Sunday, August 10, 2014

The forgotten and forsaken driver

Screen shot 2014-08-10 at 9.34.50 AM
In the midst of deep mourning and intense sorrow after two lives were lost in a tragic road accident, one man was forgotten and forsaken.

Judged even before he was tried in court, C. Selvam from India was left high and dry in Taiping Prison after he was charged with reckless driving and causing the deaths of Karpal Singh and his assistant Michael Cornelius.
Languishing in prison where no one visited him or bothered to post his bail, he was consumed with sadness until Parti Cinta Malaysia (PCM) vice president Huan Cheng Guan did so on humanitarian grounds.

Kindness and compassion costs nothing. It is simply a matter of having the will to do it.
DAP, on the other hand, has been defensive of its failure to help Selvam.
According to its Legal Bureau chief, Gobind Singh Deo, DAP was unable to offer legal assistance to Selvam because the party is representing the families of Karpal and two others.
While that is true, I cannot fathom why it is wrong, impossible, even immoral for DAP or the families of the victims to at least visit Selvam, a man who faithfully served the late Karpal till his demise.
Was it completely impossible to arrange for legal aid from PKR or PAS?
Well, it appears that DAP uses a selective process when it comes to offering gestures of goodwill.
Just look at how Lim Kit Siang jumped at the opportunity to milk free publicity and political mileage by offering free legal service (even though she did not ask for it) to a a certain well-off but rude woman who assaulted an old man on the road.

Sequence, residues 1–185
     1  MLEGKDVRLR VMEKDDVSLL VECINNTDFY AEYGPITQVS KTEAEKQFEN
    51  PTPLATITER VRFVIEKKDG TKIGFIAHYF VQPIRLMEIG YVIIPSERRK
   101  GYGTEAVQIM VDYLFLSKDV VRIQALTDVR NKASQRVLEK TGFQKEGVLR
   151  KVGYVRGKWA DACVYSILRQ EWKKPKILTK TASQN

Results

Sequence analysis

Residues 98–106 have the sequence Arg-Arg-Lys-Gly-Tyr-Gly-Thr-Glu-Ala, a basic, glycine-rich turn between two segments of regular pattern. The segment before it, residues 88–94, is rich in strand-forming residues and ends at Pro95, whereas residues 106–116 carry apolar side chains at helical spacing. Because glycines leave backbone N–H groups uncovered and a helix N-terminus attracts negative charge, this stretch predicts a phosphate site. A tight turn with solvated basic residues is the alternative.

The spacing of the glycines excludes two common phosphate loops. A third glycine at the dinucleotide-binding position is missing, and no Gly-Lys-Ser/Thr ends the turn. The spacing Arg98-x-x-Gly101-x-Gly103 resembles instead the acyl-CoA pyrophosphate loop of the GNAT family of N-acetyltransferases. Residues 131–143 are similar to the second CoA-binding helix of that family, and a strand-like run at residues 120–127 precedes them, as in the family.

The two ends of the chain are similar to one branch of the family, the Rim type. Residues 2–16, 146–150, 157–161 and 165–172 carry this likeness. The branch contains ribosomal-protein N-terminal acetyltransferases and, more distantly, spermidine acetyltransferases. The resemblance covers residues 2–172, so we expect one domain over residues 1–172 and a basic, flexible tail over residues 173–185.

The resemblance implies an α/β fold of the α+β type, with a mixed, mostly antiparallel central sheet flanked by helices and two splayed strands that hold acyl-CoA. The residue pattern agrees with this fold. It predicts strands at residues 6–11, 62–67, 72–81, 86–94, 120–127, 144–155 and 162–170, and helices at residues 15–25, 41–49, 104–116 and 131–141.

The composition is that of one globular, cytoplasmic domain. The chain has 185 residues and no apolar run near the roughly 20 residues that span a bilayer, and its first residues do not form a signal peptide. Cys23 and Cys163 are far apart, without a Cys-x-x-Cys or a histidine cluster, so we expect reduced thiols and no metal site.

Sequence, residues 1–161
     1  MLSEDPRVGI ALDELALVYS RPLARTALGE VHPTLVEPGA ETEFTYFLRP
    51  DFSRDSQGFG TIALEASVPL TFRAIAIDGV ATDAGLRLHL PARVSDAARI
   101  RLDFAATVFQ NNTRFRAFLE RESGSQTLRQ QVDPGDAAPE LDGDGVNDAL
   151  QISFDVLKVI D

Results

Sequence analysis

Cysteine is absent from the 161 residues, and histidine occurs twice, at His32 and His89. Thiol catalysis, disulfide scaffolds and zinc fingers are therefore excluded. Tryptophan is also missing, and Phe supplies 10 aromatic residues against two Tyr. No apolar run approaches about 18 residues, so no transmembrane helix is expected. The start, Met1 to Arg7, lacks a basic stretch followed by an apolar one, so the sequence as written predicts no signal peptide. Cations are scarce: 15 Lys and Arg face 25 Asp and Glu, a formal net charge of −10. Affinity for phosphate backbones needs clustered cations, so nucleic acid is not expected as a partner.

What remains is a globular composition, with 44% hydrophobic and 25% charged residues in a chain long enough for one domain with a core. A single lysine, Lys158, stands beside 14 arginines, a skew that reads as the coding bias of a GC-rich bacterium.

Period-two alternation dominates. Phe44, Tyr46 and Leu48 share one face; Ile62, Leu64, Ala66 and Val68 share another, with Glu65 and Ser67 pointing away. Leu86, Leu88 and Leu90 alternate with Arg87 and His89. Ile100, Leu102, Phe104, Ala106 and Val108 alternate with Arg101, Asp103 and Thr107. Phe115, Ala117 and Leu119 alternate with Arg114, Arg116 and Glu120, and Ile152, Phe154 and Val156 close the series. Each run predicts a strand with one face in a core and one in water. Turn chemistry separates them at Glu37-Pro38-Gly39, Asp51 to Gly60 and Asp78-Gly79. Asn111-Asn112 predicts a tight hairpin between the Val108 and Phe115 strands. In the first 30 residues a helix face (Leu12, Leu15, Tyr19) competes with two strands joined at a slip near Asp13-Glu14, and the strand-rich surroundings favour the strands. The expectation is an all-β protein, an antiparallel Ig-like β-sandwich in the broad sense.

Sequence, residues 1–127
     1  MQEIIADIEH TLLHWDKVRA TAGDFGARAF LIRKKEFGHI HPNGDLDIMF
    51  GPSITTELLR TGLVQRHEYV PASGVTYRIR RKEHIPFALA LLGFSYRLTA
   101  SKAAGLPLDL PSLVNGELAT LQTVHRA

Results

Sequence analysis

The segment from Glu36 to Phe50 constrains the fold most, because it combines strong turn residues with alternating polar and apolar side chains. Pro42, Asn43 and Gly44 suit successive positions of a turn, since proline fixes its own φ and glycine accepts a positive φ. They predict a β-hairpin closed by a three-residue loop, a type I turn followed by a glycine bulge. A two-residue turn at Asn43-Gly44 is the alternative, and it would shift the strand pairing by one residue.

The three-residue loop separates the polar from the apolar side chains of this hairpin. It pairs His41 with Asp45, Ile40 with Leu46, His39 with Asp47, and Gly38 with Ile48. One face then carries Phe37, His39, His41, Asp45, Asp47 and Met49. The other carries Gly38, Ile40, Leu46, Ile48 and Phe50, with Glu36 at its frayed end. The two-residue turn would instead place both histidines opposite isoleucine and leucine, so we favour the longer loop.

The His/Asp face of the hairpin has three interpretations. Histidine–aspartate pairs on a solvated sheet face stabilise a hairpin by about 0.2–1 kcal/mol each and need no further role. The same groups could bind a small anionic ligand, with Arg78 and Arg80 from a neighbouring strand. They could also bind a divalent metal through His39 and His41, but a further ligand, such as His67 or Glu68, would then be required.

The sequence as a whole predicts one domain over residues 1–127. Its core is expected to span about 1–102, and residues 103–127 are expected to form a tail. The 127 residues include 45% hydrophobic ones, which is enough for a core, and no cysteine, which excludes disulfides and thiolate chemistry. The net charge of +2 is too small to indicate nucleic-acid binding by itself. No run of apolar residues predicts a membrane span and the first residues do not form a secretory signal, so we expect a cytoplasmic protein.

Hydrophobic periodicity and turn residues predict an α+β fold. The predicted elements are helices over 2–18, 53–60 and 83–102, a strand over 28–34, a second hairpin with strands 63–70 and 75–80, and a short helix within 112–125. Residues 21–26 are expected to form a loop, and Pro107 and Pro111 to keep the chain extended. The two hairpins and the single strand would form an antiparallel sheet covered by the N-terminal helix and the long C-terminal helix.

How can anyone leave a faithful and loyal employee in the lurch to suffer in prison for almost a month with the lame excuse that it would be unethical to legally assist him?
There are other alternatives, but none was explored by DAP.
Such cold-heartedness clearly indicates that DAP has already judged Selvam and passed the verdict of guilty although he has yet to be tried in court.
Selvam was employed by the late Karpal’s family. If the court finds him guilty, then the family members themselves can be tried for the driver’s negligence. Clearly, they have chosen not to acknowledge this.
After the tragic accident, few if any interviewed Selvam.
The news focus was first on the demise of Karpal Singh, and then it switched to the lorry driver, who was found to be high on drugs and who switched lanes without flashing his indicator.
Later, the Attorney-General chose to charge Selvam for reckless driving and, from then onwards, the loyal driver was forsaken and forgotten.
Well, it’s good to know that there are angels among us after all. Not only did Huan post bail for the driver, he also took him for a good KFC meal and followed that with a trip to Tesco.
Huan bought the driver new clothing, toiletries and a luggage bag. He also bought him a handphone and all the neccesary accessories so Selvam could get in touch with his family in India.
Selvam’s mother also spoke to Huan and cried throughout the telephone conversation.
Touched by his kindness, Selvam thanked Huan from his heart and promised he would never forget his gestures.
Huan also made arrangements for accommodation for Selvam and helped him renew his visa.
Here is a man of compassion, a man who saw another man’s plight and decided to help, even to the extent of staying on in Kampar until Selvam had engaged a lawyer to defend him.
Everyone deserves kindness and justice, both of which can be offered freely if one chooses to do so.
The burning question is why DAP chose to forsake Selvam by using legalities?
If DAP can be cold and callous even towards an employee of its former chairman, can the party be expected to fulfil the roles and responsibilities of governance with care and compassion?

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